Note: Part of having an extra person attend your birth is being comfortable with the idea of being vulnerable to that person. It is not unusual for me to have a potential client decide not to hire me out of concerns related to their modesty. And while I greatly respect their need for privacy, it may be helpful for you to know that most doulas understand that need (perhaps first hand if they’ve had children of their own) and make it a priority to protect their client’s modesty by keeping a sheet over them, making sure their gown is closed in the back if they are taking a walk down the hall, or keeping a towel wrapped around them as they step out of the shower. She will protect you by giving you more control over who sees you in your vulnerability.
8 ) I don’t need a birth doula if I’m having a home birth, right? Doulas are known for advocating a woman’s wishes to the hospital staff, and for trying to prevent uneccessary interventions, so if a woman chooses to give birth at home with a midwife who is all about whole-body care, is it worth hiring a doula? I would argue that if a doula doesn’t have to spend time advocating a mother’s wishes to her careproviders, she can spend more of her time on what matters most: supporting the mother. And while staying at home makes it much easier to keep birth normal, labor is still very hard work and the mother, father, and even the midwife will benefit from having a doula present. Because there are no shift changes, potentially long labors can wear out the only birth team a mother has at home, and therefore, midwives will appreciate the support of a good doula, who will enhance their own role and make it easier for the midwife to to do what she does best: to facilitate a normal birth experience. Just as a doula is not the same thing as a nurse-midwife, doulas are not the same thing as a home birth midwife. Instead they can work together to help make your hopes for birth comes true.
9) I’m planning a c-section, so why should I hire a doula if I won’t be laboring? One in three women give birth by cesarean section, some planned, some emergency, and some because the doctor thinks labor will go on too long. When a woman is attended by a doula and her labor ends with surgery, the doula’s role does not end. She helps the mother to come to terms with the situation, talks to her about the pros and cons of the decision, helps to calm her fears, explains how this will affect immediate postpartum care, and allows her time (if is is given by the staff) to process the change of plans before she is wheeled into the OR. If the father or other significant other does not or cannot be present for the delivery, the doula can go into the OR with the mother to support her through surgery. After the birth, the doula will meet the mother in the recovery room, praise her for her work, answer questions, take pictures if desired by the mother, and help to get her started with breastfeeding if she wishes to. If the c-section is planned, the doula will support her much the same way, by helping her to learn about cesareans ahead of time and how to make it a positive experience, encourage and reassure her, help her to get settled into her hospital room before surgery, attend the birth if the father can’t be there, and meet her in recovery. Although doulas are known for their expertise in pain-relief techniques during labor, their experience with birth can be a very reassuring asset to a woman who is nervous about her upcoming cesarean birth.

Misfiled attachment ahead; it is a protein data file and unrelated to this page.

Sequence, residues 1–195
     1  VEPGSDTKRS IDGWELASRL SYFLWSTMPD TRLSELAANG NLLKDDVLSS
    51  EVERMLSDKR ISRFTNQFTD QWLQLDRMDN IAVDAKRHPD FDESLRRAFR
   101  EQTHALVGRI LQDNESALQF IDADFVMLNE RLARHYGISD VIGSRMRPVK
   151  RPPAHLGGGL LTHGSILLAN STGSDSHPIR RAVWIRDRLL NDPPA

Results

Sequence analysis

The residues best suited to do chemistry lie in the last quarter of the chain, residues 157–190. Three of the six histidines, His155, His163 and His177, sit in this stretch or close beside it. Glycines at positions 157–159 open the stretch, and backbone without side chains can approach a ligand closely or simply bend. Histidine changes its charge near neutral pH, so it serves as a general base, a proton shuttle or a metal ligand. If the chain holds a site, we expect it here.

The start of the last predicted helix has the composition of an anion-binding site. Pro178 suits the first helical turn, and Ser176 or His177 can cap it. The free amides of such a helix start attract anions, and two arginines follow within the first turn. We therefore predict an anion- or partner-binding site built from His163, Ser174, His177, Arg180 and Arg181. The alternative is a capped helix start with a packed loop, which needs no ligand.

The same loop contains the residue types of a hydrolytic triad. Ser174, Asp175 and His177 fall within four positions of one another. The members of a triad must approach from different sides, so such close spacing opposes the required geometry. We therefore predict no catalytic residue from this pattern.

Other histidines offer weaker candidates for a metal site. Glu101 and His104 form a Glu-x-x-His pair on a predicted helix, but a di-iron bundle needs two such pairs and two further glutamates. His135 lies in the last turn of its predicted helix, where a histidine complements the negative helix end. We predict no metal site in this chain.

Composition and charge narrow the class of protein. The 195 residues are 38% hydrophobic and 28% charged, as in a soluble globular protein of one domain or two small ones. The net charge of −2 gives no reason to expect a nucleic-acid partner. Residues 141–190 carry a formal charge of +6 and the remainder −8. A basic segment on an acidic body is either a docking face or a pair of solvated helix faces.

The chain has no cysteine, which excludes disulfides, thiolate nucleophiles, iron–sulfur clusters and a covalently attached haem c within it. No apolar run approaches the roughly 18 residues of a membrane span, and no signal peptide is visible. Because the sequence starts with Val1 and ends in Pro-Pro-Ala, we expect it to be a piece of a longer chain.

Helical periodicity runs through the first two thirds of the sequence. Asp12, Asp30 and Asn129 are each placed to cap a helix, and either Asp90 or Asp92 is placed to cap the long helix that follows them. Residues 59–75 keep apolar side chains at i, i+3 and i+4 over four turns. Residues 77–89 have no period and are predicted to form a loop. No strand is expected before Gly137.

10) I’ve heard doctors don’t like doulas because they get in the way. It is true that some doctors do not like to have doulas attend their patient’s births, but that is only because he doesn’t understand the role of a doula, he has had a bad experience with a doula, or he has heard stories from other doctors. Sometimes doulas are more “natural childbirth activisits” than they are doulas, or perhaps they are a mix of both. If the doula is vocal to the nurse, doctor, or midwife and challenges their knowledge or decision-making, the careprovider will feel threatened and may ask the doula to leave the hospital right away. Most of the time that is not what happens, and a doula will politely ask questions, ask about alternatives, but most importantly they will encourage the mother and father to find their own voice and talk to their doctor about what is important to them. If you have met with your doula prior to birth, you will know if your doula is the type who will challenge the doctor, or if she is more concerned about being with you through till the end. Some women prefer a doula who will stick up for them, and some prefer their doula let them do their own talking. There is no wrong answer, but it would be a good idea to at least talk about the subject with your careprovider ahead of time. A lot of doctors and midwives really like to work with doulas, and they may even know the names of a few reputable ones in your area (I personally have had very good experience working with most obstetrical teams in my area). If you are not satisfied with your careprovider’s answer, it may be a sign that you are not compatible with each other and maybe it is time to start interviewing other doctors or midwives. In the end, please don’t let negative media attention taint your view of doulas. Just like there are “bad doctors”, “bad nurses”, or “bad midwives”, there are some doulas out there who should probably be looking for a different field. Yet most doulas’ first priority is to help keep things as smooth as possible, including the relationship between you and your doctor.